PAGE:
Cority Case Studies

Case Study - Central Arizona Project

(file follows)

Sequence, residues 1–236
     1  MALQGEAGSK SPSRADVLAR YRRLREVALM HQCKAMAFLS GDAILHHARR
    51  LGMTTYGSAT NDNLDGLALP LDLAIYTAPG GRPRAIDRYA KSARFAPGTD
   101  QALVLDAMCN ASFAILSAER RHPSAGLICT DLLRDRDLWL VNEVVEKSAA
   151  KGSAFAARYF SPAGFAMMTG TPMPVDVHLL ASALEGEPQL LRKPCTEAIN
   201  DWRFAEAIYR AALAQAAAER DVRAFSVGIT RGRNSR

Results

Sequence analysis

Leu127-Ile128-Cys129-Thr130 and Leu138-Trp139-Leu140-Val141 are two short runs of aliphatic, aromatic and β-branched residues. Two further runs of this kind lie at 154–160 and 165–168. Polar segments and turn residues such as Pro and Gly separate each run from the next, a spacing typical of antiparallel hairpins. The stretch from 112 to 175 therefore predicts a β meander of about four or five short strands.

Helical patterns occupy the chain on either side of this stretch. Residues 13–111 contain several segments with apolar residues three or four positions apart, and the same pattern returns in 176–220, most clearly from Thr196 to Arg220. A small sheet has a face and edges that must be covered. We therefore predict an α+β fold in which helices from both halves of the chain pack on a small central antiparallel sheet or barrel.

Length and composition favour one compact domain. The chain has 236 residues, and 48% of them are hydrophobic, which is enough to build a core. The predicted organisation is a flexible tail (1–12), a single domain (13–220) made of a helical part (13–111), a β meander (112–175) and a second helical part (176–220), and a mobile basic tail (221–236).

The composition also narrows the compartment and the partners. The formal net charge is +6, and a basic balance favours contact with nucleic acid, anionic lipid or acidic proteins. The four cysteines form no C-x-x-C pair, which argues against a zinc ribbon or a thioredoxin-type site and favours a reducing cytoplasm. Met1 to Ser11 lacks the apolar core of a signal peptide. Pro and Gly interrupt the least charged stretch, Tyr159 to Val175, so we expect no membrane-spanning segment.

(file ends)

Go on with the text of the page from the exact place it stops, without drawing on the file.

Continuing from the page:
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Central Arizona Project Digitally Transforms Waste Management Program to Streamline Compliance and Minimize Environmental Impact CASE STUDY: Client Profile Central Arizona Project (CAP) is Arizona's single largest resource for renewable water supplies, serving more than 80% of the state's population. The 336-mile long canal system of aqueducts, tunnels, pumping plants, and pipelines stretches from Lake Havasu to Tucson and brings 1.5 million acre-feet of water from the Colorado River to Central and Southern Arizona every year. CAP enhances the state's economy and quality of life and ensures sustainable growth for current and future populations of Arizonans. The Challenge: A complex spreadsheet system that led to missed deadlines The Environmental department at Central Arizona Project (CAP) strives to ensure compliance, prevent pollution, reduce waste, minimize consumption of resources, and educate, train and motivate employees to work in an environmentally responsible way. The team consists of an Environmental Supervisor, Compliance Specialist, Environmental Programs Specialist and Hazardous Waste Technician. CAP's environmental program includes compliance with various regulations and efforts to reduce, reuse and recycle. The Environmental Team is responsible for oversight of hazardous and non-hazardous waste accumulation and disposal, remediation of any material spills and illegal disposal sites, and overseeing and implementing air, water, and waste environmental permits and programs. At any given time, CAP has upwards of 50 active containers to manage across the 336-mile canal, consisting of hazardous and universal waste, bio waste, used oil, non-hazardous waste, Phoenix, Arizona HEADQUARTERS Government INDUSTRY 500 employees OPERATION SCOPE Environmental Management, Waste Management SOLUTIONS e-waste, wire, metals, green waste, and recycled materials. CAP's Environmental department was using Excel spreadsheets and email to track its waste generation, container movement, storage, and disposal across the organization, which was becoming increasingly complex to manage. CAP also relied on spreadsheets to track permit dates, which was ineffective and occasionally led to CAP missing important deadlines. "I can't tell you how many columns and rows we had in those spreadsheets," explains Aaron Welch, Environmental Supervisor at CAP. "With our old process, we missed a few key dates, were not able to do renewals, and we actually had to resubmit permits." A combination of missed deadlines, inability to monitor compliance program requirements, and lack of visibility into corrective action follow through ultimately prompted Aaron to seek out a new way to streamline CAP's environmental and waste management programs.

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